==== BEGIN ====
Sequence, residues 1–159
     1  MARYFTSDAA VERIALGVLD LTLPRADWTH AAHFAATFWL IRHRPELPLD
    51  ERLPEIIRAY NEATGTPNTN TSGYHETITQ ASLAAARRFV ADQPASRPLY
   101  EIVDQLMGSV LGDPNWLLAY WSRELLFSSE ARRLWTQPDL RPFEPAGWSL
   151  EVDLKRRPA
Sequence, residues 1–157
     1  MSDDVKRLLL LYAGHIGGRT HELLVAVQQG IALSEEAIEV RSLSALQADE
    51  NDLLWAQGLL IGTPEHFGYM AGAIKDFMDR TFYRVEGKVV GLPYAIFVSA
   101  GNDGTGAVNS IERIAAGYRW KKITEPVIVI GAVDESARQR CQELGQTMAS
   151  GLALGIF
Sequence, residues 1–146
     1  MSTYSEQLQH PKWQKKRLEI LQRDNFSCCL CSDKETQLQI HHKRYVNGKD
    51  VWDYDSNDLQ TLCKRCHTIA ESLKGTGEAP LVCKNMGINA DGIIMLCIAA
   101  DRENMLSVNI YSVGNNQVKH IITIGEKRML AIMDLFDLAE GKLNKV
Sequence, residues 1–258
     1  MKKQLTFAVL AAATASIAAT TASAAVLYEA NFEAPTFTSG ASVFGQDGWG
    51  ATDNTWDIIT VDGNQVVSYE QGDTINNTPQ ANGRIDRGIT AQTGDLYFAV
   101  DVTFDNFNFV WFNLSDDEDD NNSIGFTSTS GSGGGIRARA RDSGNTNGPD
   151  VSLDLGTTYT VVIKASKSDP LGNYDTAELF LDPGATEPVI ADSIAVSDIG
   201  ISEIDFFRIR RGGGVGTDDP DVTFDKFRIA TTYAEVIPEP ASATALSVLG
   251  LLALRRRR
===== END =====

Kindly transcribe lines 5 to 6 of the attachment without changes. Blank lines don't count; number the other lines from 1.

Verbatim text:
   151  EVDLKRRPA
Sequence, residues 1–157